Alamo morning

On this March date in 1836, after a 13 day siege, the Battle of the Alamo ended when a pre-dawn attack by the much larger Mexican force slaughtered the 200 (or more) Texan defenders, creating many legends—the line in the sand, Jim Bowie’s desperate fight from his sickbed, Davy Crockett battling on as the Mexicans poured over the walls of the fort— and an iconic symbol of American bravery, sacrifice, and resistance of tyranny. The final minutes of the defenders were spent in desperate hand-to-hand combat with knives, swords and clubs.

Thirteen days earlier, on February 23, Mexican General Antonio Lopez de Santa Anna ordered a siege of the Alamo Mission, near present-day San Antonio. It was occupied by rebel Texas forces. They spent the next two week ducking shells during the night and repairing the fort during the day. On the night of the 5th, however, there was no shelling. The exhausted men of the Alamo finally had a chance to sleep, and the Mexicans were almost inside the walls before they awakened. The bloody battle was over in less than 30 minutes. Several Texans reportedly surrendered, but Santa Anna ordered all prisoners executed, as he had promised when William Barrett Travis refused to surrender at the outset of the seige. Historians estimate that the battle cost Santa Anna between 400 and 600 soldiers, a high price for a fort with little strategic value. On April 21, 1836, Texas and Mexico fought again at the Battle of San Jacinto. This time it was the Mexicans who were surprised, and the rout won independence from Mexico and brought the Texas Revolution to an end.

I’ll be watching the 1960 John Wayne movie tonight. It is historically inaccurate in almost every way, but if there was ever an event in our history when the legend was more important than the reality, it is the battle of the Alamo.

1. It’s great to see that the news media and others have adopted a more fair and forgiving sta… Oh. Oh, right. “It’s amazing. Indian-descent Americans are taking over the country: you, my vice president, my speechwriter,” President Biden told Swati Mohan, NASA’s guidance and controls operations lead for the Mars Perseverance rover landing. Imagine the reaction from Democrats and pundits had the previous President said that. It would have been a story for weeks. The episode would have been cited any time one of the Trump Deranged was asked to defend the hardy Big Lie that Trump was a racist. Now that Joe Biden is President, the office is back to having the benefit of a presumption of good will, which is necessary for any President to do his job. About the only people mentioning Joe’s latest—read his quote with Jews or “blacks” in place of “Indian-descent Americans”—are bitter conservative pundits, and people like me, who foolishly believe that the same standards should be applied regardless of race, creed, gender or political affiliation.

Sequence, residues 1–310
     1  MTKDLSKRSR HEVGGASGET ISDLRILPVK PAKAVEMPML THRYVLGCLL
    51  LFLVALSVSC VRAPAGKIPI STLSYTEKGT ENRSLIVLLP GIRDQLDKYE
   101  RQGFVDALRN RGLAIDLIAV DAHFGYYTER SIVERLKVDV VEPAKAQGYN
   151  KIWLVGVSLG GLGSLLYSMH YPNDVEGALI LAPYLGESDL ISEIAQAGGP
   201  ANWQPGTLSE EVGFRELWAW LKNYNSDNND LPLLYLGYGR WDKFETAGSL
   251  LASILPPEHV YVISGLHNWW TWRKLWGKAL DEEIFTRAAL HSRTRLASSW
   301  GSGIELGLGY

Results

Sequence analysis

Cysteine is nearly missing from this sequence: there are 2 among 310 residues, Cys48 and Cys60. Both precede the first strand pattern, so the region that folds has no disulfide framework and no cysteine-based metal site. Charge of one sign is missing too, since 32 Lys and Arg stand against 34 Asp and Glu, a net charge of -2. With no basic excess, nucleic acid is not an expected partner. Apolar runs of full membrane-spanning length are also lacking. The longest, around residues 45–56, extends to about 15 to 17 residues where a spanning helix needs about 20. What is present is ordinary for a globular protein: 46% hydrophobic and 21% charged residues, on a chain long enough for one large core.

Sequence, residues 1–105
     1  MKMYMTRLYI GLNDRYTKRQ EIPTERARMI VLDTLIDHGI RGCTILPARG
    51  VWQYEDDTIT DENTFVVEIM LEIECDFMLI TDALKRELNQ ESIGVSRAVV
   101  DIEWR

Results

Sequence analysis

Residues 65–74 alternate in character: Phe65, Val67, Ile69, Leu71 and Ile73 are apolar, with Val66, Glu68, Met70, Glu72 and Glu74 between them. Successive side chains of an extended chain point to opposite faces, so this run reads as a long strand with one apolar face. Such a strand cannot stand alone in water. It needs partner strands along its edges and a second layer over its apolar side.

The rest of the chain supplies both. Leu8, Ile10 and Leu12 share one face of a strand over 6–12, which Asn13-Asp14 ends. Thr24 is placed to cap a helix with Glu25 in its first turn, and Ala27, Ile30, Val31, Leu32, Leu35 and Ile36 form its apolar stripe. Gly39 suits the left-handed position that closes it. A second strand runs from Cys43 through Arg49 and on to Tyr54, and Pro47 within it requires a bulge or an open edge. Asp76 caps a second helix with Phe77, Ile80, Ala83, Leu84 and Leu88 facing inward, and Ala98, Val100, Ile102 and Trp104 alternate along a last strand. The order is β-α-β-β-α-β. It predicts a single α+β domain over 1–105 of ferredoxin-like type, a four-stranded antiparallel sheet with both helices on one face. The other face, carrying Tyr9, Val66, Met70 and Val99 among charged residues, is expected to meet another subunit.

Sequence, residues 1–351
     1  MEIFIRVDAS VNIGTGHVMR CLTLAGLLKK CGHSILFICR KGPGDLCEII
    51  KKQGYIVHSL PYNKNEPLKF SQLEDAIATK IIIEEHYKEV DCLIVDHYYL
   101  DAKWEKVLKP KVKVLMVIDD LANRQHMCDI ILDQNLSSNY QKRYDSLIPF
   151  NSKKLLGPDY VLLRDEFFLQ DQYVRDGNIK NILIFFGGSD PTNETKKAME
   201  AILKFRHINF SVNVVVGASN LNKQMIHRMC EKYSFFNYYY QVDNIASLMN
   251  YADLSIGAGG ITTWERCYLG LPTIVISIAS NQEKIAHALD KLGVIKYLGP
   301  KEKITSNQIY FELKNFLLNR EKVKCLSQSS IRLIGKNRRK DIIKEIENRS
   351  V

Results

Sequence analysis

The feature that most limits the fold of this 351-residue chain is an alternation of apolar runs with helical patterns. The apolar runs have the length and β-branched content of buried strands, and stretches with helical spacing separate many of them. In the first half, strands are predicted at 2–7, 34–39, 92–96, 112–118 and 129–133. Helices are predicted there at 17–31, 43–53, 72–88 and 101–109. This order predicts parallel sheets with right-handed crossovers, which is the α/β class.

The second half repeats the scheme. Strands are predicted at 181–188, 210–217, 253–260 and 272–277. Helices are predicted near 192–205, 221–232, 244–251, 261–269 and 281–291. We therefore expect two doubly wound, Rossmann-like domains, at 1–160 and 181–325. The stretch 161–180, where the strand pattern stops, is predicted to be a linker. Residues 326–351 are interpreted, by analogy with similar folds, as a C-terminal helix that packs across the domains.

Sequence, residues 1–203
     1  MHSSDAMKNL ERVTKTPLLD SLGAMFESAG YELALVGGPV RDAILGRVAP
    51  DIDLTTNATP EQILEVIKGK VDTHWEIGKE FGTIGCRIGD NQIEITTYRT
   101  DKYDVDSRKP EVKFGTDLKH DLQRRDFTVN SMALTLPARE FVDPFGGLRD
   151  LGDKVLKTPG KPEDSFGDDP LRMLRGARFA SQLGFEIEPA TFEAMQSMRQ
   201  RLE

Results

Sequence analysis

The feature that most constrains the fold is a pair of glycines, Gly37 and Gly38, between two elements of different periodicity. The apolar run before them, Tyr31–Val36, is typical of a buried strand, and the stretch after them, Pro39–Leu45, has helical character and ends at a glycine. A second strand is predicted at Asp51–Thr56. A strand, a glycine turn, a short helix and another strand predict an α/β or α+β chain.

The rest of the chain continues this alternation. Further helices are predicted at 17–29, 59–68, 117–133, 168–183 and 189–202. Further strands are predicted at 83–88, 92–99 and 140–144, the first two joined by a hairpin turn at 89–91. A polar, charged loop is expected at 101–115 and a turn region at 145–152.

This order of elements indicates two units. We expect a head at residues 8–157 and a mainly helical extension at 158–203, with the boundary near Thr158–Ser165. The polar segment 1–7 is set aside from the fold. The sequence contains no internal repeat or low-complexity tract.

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Sunset Ethics Round-Up, 2/2/2021: The Narrative That Refuses To Die, The Weenie Who Whines From A Safe Distance, And Other Tales

setting sun

Pop quiz! What’s the significance of the photo above?

It’s official: last month, February 2021 was the worst in Ethics Alarms traffic in five years, and last week was the worst non-holiday week in longer than that. I am at a loss to explain it, and I am going to stop obsessing about it. The comments are among the best and most erudite on the web, and I am confident that the quality and variety of content remains as high as ever.

1. Never give up that narrative! Over the weekend the Times had a puzzling news article telling us that the FBI had “zeroed in” on a suspect in the death of Brian Sicknick, the Capitol police officer who was falsely and repeatedly cited by mainstream media sources and the Trump prosecution in the impeachment trial as being “killed” in the riot or by rioters. The great discovery was that of a video showing someone in the crowd spraying pepper spray or bear spray on officers during the melee. However, as the article itself states, neither irritant is known to be fatal, and both the officers and the crazies were using it that day. Sicknick died of a stroke after the riot, and no link between his death and what occurred while he was trying to control the crowd has been established.